As for the word postures, Crouch’s point is to suggest that, while having gestures is inevitable and not necessarily bad, to allow gestures to become postures is where dangers lurk. A posture results when a gesture ossifies us to the point that we have no other stance with respect to the surrounding culture. The posture of condemnation leaves us with nothing to offer even when we manage to persuade our neighbor that a particular cultural good is to be discarded. The posture of critiquing leaves us with nothing to offer, having become captive to the paralysis of analysis. The posture of copying results in our becoming passive, dominated by trends and styles and in danger of losing the benefits of other (presumably better and in some cases older) cultures. The posture of consumption has the danger of amping up our already out-of-control propensity to self gratification whereby we can only satisfied when we are purchasing something that someone else has made.

Crouch offers a fifth gesture that in actuality forms the core of the book. I guess it should be no surprise that it also starts with the letter “C’.” That gesture is Changing culture. That’s the A.B.C. formula that I started with above.  Presumably, this fifth gesture makes for the only approvable posture in Crouch’s view.

So far, then, this is all pretty good stuff. I have decided to split this review into two sections. In the next installment, I will address and critique Crouch’s handling of scripture as he attempts to ground his thesis in the Bible.

This entry was posted in Culture War, Law/Gospel Distinction, Transformationism, W2K. Bookmark the permalink.

7 Responses to Culture Making: A book review

  1. Zrim says:

    Crouch’s answer is simple. You don’t [transform culture] … really. You just perform your creationally mandated job of making culture. Over time as new cultures move in and old cultures die out culture becomes transformed.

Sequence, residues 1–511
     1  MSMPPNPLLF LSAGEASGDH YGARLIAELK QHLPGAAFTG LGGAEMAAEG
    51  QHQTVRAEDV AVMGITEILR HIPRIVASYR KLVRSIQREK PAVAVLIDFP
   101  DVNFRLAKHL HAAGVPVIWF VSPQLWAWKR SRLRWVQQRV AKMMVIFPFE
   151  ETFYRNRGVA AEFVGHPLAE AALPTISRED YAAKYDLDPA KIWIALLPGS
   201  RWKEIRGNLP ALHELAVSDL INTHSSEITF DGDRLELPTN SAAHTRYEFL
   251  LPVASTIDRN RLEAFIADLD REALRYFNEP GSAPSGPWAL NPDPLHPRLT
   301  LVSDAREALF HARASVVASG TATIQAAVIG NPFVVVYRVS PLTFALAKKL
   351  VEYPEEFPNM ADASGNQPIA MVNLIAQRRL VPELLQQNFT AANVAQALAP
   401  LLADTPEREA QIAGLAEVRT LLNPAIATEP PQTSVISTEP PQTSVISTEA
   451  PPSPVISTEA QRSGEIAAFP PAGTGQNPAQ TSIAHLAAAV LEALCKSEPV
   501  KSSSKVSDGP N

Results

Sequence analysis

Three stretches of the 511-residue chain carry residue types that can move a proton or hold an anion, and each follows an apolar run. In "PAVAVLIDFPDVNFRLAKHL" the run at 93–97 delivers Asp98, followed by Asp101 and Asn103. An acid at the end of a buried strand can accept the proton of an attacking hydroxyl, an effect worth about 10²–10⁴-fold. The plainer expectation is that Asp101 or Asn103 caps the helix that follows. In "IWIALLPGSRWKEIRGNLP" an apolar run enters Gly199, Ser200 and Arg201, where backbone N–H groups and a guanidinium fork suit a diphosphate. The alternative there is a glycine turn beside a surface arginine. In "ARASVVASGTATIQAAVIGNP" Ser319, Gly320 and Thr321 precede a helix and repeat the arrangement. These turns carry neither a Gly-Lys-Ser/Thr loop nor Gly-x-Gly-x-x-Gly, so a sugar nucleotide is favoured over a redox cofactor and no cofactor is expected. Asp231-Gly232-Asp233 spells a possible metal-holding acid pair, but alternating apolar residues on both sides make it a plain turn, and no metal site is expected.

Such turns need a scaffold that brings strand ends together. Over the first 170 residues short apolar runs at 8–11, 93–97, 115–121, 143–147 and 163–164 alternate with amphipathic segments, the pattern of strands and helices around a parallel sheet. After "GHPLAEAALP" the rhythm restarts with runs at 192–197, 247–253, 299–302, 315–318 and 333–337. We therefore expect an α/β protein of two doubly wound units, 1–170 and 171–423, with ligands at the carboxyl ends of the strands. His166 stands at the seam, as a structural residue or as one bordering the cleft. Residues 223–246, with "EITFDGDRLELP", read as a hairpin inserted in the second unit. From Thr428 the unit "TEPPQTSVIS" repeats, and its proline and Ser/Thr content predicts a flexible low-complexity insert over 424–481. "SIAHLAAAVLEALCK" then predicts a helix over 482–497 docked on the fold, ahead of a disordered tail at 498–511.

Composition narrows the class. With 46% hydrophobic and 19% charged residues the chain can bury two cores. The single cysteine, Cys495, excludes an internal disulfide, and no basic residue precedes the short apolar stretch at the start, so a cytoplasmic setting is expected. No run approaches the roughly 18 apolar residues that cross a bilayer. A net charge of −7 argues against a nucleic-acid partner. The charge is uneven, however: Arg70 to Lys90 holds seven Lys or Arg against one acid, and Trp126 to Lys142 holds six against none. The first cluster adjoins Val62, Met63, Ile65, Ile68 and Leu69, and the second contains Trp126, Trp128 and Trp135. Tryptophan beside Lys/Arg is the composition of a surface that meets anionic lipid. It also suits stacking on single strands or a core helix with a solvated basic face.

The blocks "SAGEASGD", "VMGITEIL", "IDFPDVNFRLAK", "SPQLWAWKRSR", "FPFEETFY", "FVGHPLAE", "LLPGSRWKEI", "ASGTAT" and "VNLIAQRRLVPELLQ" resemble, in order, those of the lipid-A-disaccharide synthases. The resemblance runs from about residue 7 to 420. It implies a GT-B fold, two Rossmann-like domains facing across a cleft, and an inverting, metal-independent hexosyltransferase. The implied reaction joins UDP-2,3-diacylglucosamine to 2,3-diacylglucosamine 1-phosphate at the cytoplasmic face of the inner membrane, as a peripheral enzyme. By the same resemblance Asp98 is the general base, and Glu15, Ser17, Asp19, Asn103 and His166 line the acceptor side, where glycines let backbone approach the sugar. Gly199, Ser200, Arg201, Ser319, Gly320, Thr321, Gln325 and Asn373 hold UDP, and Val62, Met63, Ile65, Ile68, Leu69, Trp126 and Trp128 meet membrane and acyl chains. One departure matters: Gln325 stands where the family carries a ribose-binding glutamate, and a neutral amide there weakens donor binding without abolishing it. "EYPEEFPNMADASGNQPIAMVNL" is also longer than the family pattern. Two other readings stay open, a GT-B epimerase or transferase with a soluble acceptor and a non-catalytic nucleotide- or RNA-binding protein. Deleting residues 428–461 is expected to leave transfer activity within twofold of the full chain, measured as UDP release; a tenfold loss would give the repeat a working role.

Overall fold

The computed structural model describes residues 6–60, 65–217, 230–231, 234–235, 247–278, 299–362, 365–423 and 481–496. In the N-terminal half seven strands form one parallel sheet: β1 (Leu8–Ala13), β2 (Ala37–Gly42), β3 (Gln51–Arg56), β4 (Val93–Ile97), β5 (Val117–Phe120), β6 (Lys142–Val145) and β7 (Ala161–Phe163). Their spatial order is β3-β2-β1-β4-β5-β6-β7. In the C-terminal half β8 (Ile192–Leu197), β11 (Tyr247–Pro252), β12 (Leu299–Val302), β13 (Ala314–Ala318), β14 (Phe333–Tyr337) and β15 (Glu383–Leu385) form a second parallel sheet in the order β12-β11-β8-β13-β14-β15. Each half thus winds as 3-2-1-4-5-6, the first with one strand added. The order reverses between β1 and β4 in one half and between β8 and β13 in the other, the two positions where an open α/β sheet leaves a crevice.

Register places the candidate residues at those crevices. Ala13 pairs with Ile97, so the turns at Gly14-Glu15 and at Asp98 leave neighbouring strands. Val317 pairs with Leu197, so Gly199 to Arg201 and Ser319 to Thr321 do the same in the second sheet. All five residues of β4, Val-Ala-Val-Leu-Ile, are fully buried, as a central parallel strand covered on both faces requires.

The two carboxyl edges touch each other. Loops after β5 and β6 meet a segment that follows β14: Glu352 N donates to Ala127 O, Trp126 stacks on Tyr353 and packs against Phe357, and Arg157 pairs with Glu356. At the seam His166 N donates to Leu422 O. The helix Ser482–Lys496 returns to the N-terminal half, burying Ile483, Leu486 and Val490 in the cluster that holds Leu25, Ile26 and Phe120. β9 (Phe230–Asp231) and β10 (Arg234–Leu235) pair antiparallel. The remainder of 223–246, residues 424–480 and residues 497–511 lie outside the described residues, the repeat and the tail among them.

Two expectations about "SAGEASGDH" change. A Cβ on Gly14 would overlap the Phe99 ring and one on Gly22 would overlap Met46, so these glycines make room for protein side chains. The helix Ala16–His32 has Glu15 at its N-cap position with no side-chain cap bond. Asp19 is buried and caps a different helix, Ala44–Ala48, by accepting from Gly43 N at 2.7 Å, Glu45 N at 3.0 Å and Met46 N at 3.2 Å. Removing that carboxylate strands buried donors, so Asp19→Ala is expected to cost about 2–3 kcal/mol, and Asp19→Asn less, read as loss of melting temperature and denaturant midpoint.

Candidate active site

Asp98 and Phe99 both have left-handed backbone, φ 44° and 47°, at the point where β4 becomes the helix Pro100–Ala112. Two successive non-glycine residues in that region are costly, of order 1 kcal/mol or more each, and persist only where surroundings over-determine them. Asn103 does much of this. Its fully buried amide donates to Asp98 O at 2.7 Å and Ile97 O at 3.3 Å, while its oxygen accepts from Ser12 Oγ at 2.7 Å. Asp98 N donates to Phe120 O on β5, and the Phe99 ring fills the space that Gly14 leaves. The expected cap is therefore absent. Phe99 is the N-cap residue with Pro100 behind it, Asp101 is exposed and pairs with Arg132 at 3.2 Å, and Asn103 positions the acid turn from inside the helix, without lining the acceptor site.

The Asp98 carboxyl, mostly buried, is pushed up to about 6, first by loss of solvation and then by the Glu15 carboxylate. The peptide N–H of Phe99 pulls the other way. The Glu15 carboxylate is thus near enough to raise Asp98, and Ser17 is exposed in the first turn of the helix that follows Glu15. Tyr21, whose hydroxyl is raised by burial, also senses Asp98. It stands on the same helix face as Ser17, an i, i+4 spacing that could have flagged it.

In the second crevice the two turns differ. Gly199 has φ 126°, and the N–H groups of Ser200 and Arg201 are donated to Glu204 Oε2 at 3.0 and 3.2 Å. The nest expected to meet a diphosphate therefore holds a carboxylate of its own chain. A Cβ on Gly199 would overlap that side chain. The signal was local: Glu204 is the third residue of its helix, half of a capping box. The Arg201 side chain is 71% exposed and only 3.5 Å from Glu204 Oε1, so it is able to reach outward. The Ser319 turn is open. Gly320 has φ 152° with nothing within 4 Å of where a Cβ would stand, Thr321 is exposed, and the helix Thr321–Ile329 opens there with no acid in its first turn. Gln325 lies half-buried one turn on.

True enough, our concern should be to simply perform what we all, believing and not, were created to do. But I am not sure how when “one culture dies and another is created” the process is described as transformation. Given his description of the organic nature of culture, it still seems to me that Crouch has an eye toward transformationalism here.

    I don’t normally describe the process that got me from age four to thirty-eight as “transformation.” Rather, I say that I have aged. If I describe it as transformation that seems to imply that my essence instead of my condition has changed. But I’m still essentially who I was when I was a child, it’s just that my condition has changed. This is the fundamental problem of all transformationalism, it seems to me. First, it doesn’t distinguish between the essence of nature and its condition; second, instead of realizing it is our condition that is a problem, it seems to presume there is something inherently wrong with our essence and thereby not only should it change but also that it can change.

    I hate to sound cliché, but the more things change the more (they really do!) stay the same.

  2. Bruce S. says:

    I have to agree with you. The phrase “rearranging deck chairs on the Titanic” came to my mind repeatedly throughout the book.

  3. sean says:

    “we make sense of the world by making something of the world.”

    Sounds kin to existentialism, does Crouch cite Sartre or Kierkegaard or even Camus?

  4. No he doesn’t cite any of those you listed. His “making sense of the world” nuance is an interpretation connection not an existential one. He is not really very clear on this point. Crouch’s angle is that culture is more than just ‘there’ but that culture is the gateway to our understanding the reality that is there.

  5. Bruce S. says:

    Oops. That was me.

  6. sean says:

    Hmm, interesting. I’m not sure I don’t smell the french in his underlying “interpretive” grid. Especially when part of that “interpretive” grid involves answering the question; “what does this artifact tell us about the way culture “should” be in the broader “cultural” story. It doesn’t really matter, I just was curious if he was self-aware. Good write up.

  7. Pingback: Culture Making Review Part 2 « The Confessional Outhouse